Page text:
Letter from ALBA: Goosebump Moments

November 18, 2023
By and

Dear Friends,

ALBA connects generations. We see this in our Watt essay contest, which showcases the passionate fascination with which high schoolers, undergrads, and graduate students engage with the legacy of the International Brigades. We see it in the touching video testimonies that grandchildren of vets have been sending us in response to our call. (We plan to share them with you in the next couple of months.) And we see it in our teacher institutes, which routinely connect educators in their twenties with colleagues of retirement age.

At our most recent workshop on “The US and World Fascism: Human Rights from the Spanish Civil War to Nuremberg and Beyond,” on November 7, we were stunned to realize that two of the older participants had a direct connection to the Nuremberg trials: their father-in-law and father had served, respectively, as interpreter and lead counsel for the prosecution! Suddenly, our module on developments in international law after World War II took on an entirely new dimension.

For us, these are “goosebump moments”: they are inspiring and energizing because they affirm the importance of our work. They help keep despair at bay at a moment when the world seems to descend in a never-ending spiral of violence, producing images of bombing victims and refugees that recall the photographs from Spain that sent shockwaves through the world more than 80 years ago.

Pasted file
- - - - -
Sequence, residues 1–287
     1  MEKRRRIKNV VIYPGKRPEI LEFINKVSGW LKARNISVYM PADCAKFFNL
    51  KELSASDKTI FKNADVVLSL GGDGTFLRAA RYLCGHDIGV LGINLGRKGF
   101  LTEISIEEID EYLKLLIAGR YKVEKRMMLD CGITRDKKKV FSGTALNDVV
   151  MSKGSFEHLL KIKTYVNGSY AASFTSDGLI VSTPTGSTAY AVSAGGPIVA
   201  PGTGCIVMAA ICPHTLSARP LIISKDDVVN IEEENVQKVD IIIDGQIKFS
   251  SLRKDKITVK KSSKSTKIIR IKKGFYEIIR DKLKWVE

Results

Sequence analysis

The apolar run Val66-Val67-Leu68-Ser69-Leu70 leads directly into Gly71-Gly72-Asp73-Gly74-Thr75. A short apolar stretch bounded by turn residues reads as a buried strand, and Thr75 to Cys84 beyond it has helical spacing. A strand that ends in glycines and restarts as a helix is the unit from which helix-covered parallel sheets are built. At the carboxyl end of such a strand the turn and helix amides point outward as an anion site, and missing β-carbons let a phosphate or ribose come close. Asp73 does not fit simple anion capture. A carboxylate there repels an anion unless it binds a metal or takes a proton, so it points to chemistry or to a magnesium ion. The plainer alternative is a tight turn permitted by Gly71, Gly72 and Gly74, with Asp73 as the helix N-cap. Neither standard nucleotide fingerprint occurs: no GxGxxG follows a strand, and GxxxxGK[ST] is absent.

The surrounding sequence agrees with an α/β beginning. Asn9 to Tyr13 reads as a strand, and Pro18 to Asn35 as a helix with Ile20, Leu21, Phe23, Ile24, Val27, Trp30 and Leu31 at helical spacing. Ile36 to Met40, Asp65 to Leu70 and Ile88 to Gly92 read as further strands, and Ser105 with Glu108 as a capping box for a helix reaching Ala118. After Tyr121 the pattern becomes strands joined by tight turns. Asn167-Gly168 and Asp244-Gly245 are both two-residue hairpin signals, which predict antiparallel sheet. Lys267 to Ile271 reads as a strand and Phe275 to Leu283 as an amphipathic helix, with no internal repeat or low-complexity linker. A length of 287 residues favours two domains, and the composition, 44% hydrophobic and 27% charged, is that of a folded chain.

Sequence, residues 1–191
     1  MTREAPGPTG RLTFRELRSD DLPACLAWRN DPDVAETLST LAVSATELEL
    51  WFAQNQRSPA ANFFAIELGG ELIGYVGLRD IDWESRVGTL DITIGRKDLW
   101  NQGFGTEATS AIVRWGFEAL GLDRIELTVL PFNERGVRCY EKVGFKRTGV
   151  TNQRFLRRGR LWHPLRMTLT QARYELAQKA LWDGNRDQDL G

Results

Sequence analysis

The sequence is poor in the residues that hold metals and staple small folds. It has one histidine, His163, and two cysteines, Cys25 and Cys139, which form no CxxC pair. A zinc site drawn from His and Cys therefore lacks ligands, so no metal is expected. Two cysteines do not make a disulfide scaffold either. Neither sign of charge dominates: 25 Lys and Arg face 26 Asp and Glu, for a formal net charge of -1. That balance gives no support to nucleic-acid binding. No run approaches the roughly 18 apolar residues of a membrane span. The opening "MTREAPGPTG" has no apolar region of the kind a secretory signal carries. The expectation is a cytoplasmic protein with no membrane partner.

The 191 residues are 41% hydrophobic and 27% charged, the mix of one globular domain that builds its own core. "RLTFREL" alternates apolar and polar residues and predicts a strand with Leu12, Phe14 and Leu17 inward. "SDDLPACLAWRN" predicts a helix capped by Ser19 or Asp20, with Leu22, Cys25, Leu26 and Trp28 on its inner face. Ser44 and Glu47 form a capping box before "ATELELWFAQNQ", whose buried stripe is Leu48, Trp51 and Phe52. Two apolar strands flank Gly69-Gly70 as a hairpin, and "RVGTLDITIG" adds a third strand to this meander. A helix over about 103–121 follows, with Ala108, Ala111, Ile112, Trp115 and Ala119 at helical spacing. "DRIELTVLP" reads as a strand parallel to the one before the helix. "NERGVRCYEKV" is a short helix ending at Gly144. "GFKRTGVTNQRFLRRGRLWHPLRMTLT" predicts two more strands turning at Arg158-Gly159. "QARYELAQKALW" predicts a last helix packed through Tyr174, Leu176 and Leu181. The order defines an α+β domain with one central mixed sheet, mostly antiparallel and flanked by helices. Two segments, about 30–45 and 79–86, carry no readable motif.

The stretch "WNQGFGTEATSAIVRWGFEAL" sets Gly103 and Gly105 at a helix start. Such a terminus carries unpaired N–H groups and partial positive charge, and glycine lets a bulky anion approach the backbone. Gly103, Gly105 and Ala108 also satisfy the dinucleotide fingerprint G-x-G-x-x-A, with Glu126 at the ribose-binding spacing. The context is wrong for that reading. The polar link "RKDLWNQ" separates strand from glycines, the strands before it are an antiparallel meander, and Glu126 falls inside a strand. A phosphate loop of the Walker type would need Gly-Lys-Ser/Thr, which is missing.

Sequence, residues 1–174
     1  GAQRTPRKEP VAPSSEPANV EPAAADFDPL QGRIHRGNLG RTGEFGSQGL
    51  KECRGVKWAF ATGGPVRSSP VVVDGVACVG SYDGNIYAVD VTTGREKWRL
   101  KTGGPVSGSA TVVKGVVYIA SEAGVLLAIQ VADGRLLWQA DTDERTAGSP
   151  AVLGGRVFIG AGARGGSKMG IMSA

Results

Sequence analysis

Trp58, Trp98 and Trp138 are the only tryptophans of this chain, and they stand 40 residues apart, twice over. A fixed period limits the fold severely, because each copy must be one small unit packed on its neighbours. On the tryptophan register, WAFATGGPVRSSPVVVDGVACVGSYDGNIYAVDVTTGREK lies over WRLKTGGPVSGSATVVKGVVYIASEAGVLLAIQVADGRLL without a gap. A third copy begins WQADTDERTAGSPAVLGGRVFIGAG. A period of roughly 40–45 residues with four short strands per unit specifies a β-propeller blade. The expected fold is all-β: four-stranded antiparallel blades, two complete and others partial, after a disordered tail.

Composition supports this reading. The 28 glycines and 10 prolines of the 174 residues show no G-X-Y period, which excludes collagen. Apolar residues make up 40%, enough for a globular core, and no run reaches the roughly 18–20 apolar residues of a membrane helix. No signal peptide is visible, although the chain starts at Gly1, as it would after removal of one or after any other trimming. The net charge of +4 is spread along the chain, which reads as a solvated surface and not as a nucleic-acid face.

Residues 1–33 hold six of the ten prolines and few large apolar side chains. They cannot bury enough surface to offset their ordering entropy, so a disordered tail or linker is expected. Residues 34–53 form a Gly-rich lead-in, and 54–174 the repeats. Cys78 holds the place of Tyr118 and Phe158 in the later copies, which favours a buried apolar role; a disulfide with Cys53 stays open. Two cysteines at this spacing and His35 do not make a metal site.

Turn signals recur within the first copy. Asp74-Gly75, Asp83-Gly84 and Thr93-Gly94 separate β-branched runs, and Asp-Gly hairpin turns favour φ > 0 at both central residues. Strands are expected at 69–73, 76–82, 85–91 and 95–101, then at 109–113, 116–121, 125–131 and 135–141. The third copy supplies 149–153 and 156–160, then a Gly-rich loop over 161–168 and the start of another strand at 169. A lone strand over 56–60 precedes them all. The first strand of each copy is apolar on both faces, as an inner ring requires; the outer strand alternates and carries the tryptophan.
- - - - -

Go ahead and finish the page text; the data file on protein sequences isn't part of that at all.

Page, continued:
If our educational work these past 15 years has been showing us anything, it’s that young people today are receptive to—indeed, hungry for—the lessons that the legacy of the Lincoln Brigade provides. These lessons are not simple or one-dimensional, to be sure. In fact, it’s precisely their complexity that makes them so valuable as tools for making sense of our present.

We hope that some of the articles we’re proud to share with you in this issue will inspire you in the same way—whether it’s the news about a new Spanish Civil War monument on the Berkeley campus, James Fernández’s incisive reflections on Guernica, or the interview with the legendary labor activist Karen Nussbaum and her no less legendary actor father. Bernd Häber reports on his work with Arizona students to trace the lives of the International Brigade volunteers who fought with his grand uncle, while Mark Derby shares new research on two German scientists in Republican Spain. And don’t forget to check out our book review section.

All of us at ALBA—including the teachers we collaborate with—are deeply appreciative of your generous support for our work. We couldn’t do this without you.


Sebastiaan Faber & Peter N. Carroll, editors

P.S. If you prefer to read this issue in its print layout, you can do so here.